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Survey Shows Payment Fraud on the Downswing

Fraud is declining, but remains a threat to corporations.

A survey conducted by the Association for Financial Professionals found the corporations' payment systems are still sitting squarely in the crosshairs of fraudsters' sights. The 2012 AFP Payments Fraud and Control Survey was sponsored by J.P. Morgan and revealed that a large majority of

A survey conducted by the Association for Financial Professionals found the corporations' payment systems are still sitting squarely in the crosshairs of fraudsters' sights. The 2012 AFP Payments Fraud and Control Survey was sponsored by J.P. Morgan and revealed that a large majority of companies were either actual victims of or had been targeted by those wishing to commit payments fraud last year.

Out of the responding organizations, 80 percent said they try to battle fraud by engaging in daily reconciliations and positive pay. Fraud losses typically occurred as a result of the companies' failure to observe their corporate fraud policies.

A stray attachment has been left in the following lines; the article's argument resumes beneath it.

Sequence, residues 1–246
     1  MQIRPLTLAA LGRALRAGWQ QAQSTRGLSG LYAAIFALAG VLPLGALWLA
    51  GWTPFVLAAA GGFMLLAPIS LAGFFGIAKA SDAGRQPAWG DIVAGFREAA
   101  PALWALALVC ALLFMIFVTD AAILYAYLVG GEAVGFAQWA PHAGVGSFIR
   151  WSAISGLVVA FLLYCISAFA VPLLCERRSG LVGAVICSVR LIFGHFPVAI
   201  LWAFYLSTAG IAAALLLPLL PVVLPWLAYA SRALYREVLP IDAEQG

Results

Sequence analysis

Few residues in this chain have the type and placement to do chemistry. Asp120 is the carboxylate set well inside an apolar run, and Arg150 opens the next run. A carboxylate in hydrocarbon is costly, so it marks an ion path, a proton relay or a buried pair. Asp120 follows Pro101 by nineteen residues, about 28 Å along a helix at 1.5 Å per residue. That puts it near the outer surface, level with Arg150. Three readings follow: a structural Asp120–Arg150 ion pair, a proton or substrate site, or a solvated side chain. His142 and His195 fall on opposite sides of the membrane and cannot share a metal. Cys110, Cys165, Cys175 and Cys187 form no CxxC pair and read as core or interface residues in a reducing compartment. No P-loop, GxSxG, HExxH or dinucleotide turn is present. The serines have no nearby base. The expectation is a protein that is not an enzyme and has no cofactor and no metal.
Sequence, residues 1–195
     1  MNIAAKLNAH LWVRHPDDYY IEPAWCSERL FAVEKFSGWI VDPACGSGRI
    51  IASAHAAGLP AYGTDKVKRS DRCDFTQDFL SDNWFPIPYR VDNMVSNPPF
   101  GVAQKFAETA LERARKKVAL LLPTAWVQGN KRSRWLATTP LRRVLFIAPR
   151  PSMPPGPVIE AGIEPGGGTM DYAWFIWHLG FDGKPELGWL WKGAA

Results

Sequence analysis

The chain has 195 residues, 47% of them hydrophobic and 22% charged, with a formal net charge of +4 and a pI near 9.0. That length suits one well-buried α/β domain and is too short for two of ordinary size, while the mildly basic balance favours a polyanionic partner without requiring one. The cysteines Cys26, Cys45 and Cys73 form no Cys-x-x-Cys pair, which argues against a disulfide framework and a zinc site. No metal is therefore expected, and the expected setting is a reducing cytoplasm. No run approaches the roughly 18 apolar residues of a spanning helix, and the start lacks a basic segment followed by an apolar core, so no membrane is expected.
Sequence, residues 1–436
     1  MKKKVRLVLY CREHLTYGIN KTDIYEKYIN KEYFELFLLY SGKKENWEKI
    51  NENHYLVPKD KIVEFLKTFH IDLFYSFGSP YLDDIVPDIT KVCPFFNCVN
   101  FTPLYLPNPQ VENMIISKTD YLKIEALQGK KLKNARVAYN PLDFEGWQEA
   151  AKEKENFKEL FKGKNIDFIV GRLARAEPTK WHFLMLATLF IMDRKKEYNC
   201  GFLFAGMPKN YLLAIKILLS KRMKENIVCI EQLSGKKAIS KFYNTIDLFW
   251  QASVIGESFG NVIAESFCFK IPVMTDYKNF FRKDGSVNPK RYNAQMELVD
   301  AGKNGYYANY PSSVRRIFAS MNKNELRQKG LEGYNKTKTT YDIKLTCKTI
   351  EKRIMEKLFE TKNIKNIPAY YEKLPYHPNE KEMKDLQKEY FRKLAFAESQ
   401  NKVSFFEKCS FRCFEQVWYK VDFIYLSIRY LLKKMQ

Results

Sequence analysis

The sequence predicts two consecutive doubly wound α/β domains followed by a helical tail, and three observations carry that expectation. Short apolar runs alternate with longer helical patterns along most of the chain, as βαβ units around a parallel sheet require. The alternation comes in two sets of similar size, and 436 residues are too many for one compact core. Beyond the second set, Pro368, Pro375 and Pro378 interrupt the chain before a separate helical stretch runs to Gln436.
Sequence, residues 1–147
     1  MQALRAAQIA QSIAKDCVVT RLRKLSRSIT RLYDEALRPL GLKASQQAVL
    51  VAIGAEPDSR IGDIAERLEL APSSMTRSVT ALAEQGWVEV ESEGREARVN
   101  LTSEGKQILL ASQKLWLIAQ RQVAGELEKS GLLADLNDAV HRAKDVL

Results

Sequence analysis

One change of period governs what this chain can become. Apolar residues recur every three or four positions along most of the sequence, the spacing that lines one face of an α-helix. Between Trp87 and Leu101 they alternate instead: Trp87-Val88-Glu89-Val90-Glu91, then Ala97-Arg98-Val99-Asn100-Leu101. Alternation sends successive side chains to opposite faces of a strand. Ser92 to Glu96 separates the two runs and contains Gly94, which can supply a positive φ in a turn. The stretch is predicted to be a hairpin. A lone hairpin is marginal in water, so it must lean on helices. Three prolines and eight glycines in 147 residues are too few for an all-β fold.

"Although attempted attacks still occurred in 2011, financial loss was avoided because companies have taken steps to eliminate vulnerabilities," stated Jim Kaitz, AFP's president and CEO. He noted that checks are persistently vulnerable to fraud, and companies have adopted electronic payments to combat this. "Now fraudsters have shifted their focus to higher-value payoffs by hacking into corporate accounts," Kaitz added.

Checks were deemed the payment method most susceptible to fraud, while cards, automated clearing houses and electronic check conversion enjoyed much lower fraud rates. The proliferation of digital payments and online banking has also opened up new avenues for hackers and criminals hoping to gain access to corporate and personal accounts. Many businesses have started to insulate their networks and adopt other data security best practices in an attempt to avoid further losses.